'Hot Wheels' Expansion Cements 'Forza Horizon 3' as One of the All Time Greats

The best gets even better thanks by embracing the absurd

'Forza Horizon 3 Hot Wheels' exudes confidence and joy. Car with two engines exudes ridiculous awesomeness Credit: Xbox

In a genre that has been struggling with where to go next, Playground Games' Xbox One and PC-exclusive Forza Horizon 3 has been a rare flash of brilliance. While Turn 10's main Forza Motorsport series has gotten progressively more and more serious and fetishistic, we've seen EA's Need for Speed completely lose all sense of its own identity and Sony apparently forget that Gran Turismo is a thing that people want to play on PS4. Since we achieved peak-fun-car-game with Criterion's Burnout Paradise back in 2008, the only racing game series with any sense of glee outside of Mario Kart has been Horizon.

When Horizon 3 launched last September, it was clearly something special. It was a gorgeous game with a playful sense of humor that gave you tons to do while also encouraging you to hoon about in its expansive open-world in everything from bonkers supercars and SUVs to pickups and classic racers. Subsequent car packs have brought all kinds of wonderfully indulgent silliness, including the Warthog from Halo, and in December, it got a whopper of an expansion in the form of the snow-themed Blizzard Mountain. All of this already added up to one of the best car-based games you could buy (and certainly the best value) but this Hot Wheels expansion takes things far beyond expectations. From the moment you roll out onto its bright orange track, it just exudes coolness.

For $19.99 (it's part of the season pass if you signed up for that) you get an enormous amount of stuff. It's like a whole other game has been bolted on to Forza while absorbing all of its best parts along the way. Accessed from a location on the main Horizon 3 map, it adds a network of islands off the east coast of the game's expansive chunk of Australia and covers them in miles and miles of a spaghetti-like network of supersized Hot Wheels track. Loops, corkscrews, half-pipes, criss-crosses, high banked turns, gigantic mechanical boost pads powered by monstrous truck engines and even life-sized plastic dinosaurs all give credible full-sized form to the beloved toy. As you can probably imagine from the screenshot here, it's a bit of a nightmare to navigate, but it's such a joy to drive around, you rarely feel frustrated.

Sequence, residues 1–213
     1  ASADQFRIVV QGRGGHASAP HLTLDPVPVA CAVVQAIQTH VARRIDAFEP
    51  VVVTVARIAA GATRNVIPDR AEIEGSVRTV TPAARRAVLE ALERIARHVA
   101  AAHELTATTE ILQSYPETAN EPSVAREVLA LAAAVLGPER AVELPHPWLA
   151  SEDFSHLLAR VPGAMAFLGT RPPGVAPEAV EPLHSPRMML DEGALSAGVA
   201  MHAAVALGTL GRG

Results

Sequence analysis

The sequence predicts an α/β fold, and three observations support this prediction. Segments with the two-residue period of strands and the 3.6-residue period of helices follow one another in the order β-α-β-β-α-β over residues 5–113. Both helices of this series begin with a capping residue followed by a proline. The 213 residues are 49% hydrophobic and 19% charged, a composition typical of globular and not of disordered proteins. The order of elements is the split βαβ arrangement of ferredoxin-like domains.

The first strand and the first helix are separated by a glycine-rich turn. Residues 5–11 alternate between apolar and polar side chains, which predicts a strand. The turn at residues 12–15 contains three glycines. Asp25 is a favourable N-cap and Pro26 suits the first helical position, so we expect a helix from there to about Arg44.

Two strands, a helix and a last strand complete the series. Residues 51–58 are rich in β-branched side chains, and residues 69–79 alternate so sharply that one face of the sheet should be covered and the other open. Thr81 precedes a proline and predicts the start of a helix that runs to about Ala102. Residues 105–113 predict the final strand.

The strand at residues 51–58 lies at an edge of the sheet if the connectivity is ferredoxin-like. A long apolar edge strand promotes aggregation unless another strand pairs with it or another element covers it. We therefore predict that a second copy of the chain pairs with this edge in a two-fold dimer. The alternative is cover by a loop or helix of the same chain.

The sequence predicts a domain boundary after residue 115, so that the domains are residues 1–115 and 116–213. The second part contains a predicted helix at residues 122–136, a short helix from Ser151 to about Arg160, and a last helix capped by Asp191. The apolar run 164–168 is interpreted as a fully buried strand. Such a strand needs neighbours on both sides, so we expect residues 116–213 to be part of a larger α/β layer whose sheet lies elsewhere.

Given that the central premise of Horizon 3 is basically a festival of "wouldn't it be cool" unbound by trifles like budget or practical considerations, the existence of this ridiculous structure is accepted as just d'uh, obvious within the game's lightweight narrative. Of course we're building the biggest Hot Wheels track ever. We can rewind time, so why is this any less believable? But it's a bold move for a series that's ultimately grounded in realism. But while this is in essence a toy writ large, it's actually still bound by the basic rules of Forza's world. If you're going to pull off a loop-de-loop, you're going to need to build up enough speed so you don't fall off the track at the worst possible moment, and as you're hurtling around a vertically banked curve at 150 mph, you still have to fight gravity so you don't plummet to your death in the water below.

Fortunately, the expansion also includes 10 appropriately performant and faithfully reproduced Hot Wheels cars (one of them is a hidden barn find), including the iconic 1969 Hot Wheels Twin Mill – yes, the iconic crazy blue wedge with two engines – along with the Pagani Zonda R, the Rip Rod and even Jeep's giant-wheeled 2016 Trailcat concept. If you like to play your driving games from the cockpit view, some of these aren't so practical, though. The Bone Shaker Hot Rod is so severely chopped that the roofline completely obscures your view, and I'm sure you can imagine what driving something with two engines poking out of the hood is like. As with all of the other cars in Horizon, though, they feel absolutely wonderful – more like caricatures of performance cars than accurate representations. Slam on the throttle and they bite back ferociously as they scream out engine noises that sound like Satan gargling sulphuric acid.

There's an enormous amount to play with here. While it's unlikely you've exhausted everything that the vanilla Horizon 3 has to offer (or indeed Blizzard Mountain) there's so much more here to keep you occupied. It embraces all of the main game's key events, from standard circuits to point-to-point races, speed camera challenges and stunts, plus it puts a new spin on the main game's custom events by allowing you to modify stunt track sections and share them with friends. While multiplayer racing is supported in the same way it is elsewhere in the main game, the real motivator here tends to be the asynchronous stuff that generates leaderboards for just about every action you ever take. Discovering new sections of the track, blowing through speed cameras and hitting new top speeds are all tracked alongside your win record and shared with friends. There's nothing quite like knowing you're only a fraction of a second behind a friend on a loop-de-loop challenge to keep you motivated to retry multiple times.

Ultimately, what this all adds up to is something that exudes a kind of confidence and joy that we rarely see, particularly in driving games. Hot Wheels demonstrates that Playground Games are so assured and steadfast in their vision for Forza Horizon that they can make something so patently absurd feel like the most obvious and natural thing in the world. It shows that games can be rooted in realism while reveling in the preposterous and that's what guarantees Forza Horizon 3's place as one of the all time great driving games.